At least two demonstrators were shot dead in Baghdad during clashes between protesters and security forces Wednesday, Iraqi medical and security sources said.
Four people were killed in Baghdad, where security forces opened fire with live ammunition and rubber bullets against protesters near a bridge over the Tigris river, the sources said, and twelve died in clashes in Najaf.
Some of the killings appear to have resulted from the deliberate use of live ammunition by security forces, while others occurred when tear gas canisters struck protesters in the head.
The officials spoke on condition of anonymity in accordance with the regulations.
Anti-government protests erupted in Iraq on October 1 and have deteriorated into bloodshed in the capital and southern regions, with more almost 370 people losing their lives. Protesters occupy parts of the Jumhuriya, Sinak and Ahrar bridges, all of which lead to or near the fortified area.
Since October 1, protesters in Iraq - a majority Shiite country, like its neighbour Iran - have been calling for the fall of a central government they see as both irretrievably corrupt and beholden to Tehran.
The provincial governor in Nasiriyah, Adel al-Dakhili, blamed the crackdown on Shummary, who was the military commander of the southern port city of Basra when demonstrations there were brutally suppressed in 2018.
For almost two months, the country's capital and Shiite-majority south have been gripped by the largest protests since the 2003 US-led invasion that toppled Saddam Hussein.
Demonstrators, dispersed by security forces, regrouped at Nasiriyah's main police station, setting it on fire.
A curfew was imposed in the city of Najaf following the episode.
Though the security situation in Iraq has dramatically improved after Iraqi security forces defeated IS in late 2017, terror attacks have been occurring from time to time in the country, which has been hit recently by widespread protests against the government.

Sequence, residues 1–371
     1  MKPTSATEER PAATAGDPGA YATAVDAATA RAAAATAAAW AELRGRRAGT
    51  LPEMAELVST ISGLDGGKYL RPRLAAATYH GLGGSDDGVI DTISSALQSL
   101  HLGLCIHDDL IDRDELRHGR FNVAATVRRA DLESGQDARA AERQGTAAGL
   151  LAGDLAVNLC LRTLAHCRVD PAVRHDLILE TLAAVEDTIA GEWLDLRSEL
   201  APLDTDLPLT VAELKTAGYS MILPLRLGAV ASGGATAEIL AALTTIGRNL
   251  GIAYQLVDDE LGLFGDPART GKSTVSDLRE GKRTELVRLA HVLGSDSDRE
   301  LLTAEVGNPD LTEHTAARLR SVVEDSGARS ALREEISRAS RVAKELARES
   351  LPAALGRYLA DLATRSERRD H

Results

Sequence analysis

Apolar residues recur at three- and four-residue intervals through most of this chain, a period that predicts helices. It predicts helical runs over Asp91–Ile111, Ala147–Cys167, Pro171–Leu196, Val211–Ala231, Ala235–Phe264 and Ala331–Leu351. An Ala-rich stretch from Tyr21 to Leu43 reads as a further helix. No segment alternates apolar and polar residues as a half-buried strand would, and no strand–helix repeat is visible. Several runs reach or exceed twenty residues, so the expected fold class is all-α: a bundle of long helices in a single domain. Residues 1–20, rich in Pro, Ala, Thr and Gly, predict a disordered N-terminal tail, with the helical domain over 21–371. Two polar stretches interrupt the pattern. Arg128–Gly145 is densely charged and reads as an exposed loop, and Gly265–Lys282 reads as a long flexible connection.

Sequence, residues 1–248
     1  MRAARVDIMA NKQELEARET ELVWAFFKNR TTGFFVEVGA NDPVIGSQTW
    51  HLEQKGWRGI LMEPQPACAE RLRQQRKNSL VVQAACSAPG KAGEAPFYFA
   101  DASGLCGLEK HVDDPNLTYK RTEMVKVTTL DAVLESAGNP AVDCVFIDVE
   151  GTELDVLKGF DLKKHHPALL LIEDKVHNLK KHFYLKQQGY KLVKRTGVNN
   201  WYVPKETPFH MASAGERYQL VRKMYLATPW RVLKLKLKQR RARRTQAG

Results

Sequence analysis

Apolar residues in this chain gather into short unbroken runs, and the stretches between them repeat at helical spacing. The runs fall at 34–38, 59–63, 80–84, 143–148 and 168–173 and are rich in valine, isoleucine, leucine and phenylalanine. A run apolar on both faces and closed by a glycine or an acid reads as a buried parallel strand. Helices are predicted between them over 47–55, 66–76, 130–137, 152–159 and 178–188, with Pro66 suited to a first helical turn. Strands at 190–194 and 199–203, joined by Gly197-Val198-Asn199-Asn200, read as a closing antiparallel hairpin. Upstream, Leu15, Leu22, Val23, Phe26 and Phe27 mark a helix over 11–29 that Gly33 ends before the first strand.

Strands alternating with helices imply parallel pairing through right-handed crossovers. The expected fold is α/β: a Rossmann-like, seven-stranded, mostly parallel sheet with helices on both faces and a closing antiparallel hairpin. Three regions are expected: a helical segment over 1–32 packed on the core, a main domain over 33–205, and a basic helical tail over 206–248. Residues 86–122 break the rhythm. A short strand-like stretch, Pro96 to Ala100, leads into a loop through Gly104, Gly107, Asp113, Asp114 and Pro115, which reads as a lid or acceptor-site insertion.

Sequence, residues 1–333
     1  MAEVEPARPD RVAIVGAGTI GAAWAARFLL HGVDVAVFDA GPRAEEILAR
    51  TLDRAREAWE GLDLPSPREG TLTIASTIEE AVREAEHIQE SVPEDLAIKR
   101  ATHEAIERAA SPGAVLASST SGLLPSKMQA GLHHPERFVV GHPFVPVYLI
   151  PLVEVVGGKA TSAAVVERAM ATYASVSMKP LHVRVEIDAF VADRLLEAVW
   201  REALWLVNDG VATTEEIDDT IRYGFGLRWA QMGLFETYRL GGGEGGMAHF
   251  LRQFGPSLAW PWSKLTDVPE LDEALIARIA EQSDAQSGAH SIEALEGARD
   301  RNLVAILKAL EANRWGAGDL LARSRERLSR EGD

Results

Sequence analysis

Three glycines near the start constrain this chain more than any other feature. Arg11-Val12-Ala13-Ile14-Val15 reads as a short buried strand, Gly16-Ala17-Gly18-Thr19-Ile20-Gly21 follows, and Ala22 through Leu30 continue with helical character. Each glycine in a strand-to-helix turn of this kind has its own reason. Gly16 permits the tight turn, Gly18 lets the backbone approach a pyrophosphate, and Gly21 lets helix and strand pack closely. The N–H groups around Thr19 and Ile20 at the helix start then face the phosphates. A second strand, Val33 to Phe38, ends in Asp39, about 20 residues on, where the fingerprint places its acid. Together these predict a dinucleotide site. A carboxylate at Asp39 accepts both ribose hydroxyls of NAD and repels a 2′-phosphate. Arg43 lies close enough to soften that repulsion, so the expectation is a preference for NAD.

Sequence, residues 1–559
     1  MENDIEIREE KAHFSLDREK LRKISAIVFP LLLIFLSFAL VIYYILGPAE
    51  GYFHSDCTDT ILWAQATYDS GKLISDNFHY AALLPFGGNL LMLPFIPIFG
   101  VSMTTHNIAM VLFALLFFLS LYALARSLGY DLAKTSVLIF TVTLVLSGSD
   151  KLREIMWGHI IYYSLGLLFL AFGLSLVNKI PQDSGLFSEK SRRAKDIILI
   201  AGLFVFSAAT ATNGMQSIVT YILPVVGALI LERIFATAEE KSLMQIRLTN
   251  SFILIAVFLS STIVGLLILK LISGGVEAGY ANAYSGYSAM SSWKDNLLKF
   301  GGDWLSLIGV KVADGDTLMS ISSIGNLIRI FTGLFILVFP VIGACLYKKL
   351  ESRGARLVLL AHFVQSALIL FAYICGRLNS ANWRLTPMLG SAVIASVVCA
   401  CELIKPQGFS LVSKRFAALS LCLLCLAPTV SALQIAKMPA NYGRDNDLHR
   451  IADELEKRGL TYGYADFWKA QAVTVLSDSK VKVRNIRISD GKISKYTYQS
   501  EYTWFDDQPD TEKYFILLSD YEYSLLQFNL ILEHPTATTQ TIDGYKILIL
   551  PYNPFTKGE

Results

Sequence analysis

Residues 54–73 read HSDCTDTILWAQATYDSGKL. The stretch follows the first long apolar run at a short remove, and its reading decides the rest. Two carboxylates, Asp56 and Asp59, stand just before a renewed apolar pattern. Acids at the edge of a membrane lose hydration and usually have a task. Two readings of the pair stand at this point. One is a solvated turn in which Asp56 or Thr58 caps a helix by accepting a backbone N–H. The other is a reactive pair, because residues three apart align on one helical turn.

"Iran has officially communicated its disgust to the Iraq ambassador in Tehran", he said in comments carried by Iran's state news agency IRNA.
The violence has killed more than 350 people, according to police and medics.
Late Tuesday, Baghdad was rocked by another kind of violence - three explosions that went off just after Iraqis had celebrated a football win against Qatar in the Gulf Cup.
Lynn Maalouf, Amnesty International's Middle East Research Director, said: 'The scenes from Nasiriyah this morning more closely resemble a war zone than city streets and bridges.
Visuals from the protests showed a large crowd outside the consulate shouting "Out, out Iran!" as they waved Iraqi flags while the building burned. The Iranian staff were not harmed and escaped out the back door.
In Basra, security forces were deployed in the city's main roads to prevent protesters from staging sit-ins on important avenues.
Influential Shiite cleric Muqtada al-Sadr called on Iraq's government to resign "immediately to stop the bloodletting", while imploring protesters to maintain the peace.
Protesters have accused the ruling elite of embezzling for personal gain state funds that are desperately needed to fix failing public services and rehabilitate schools.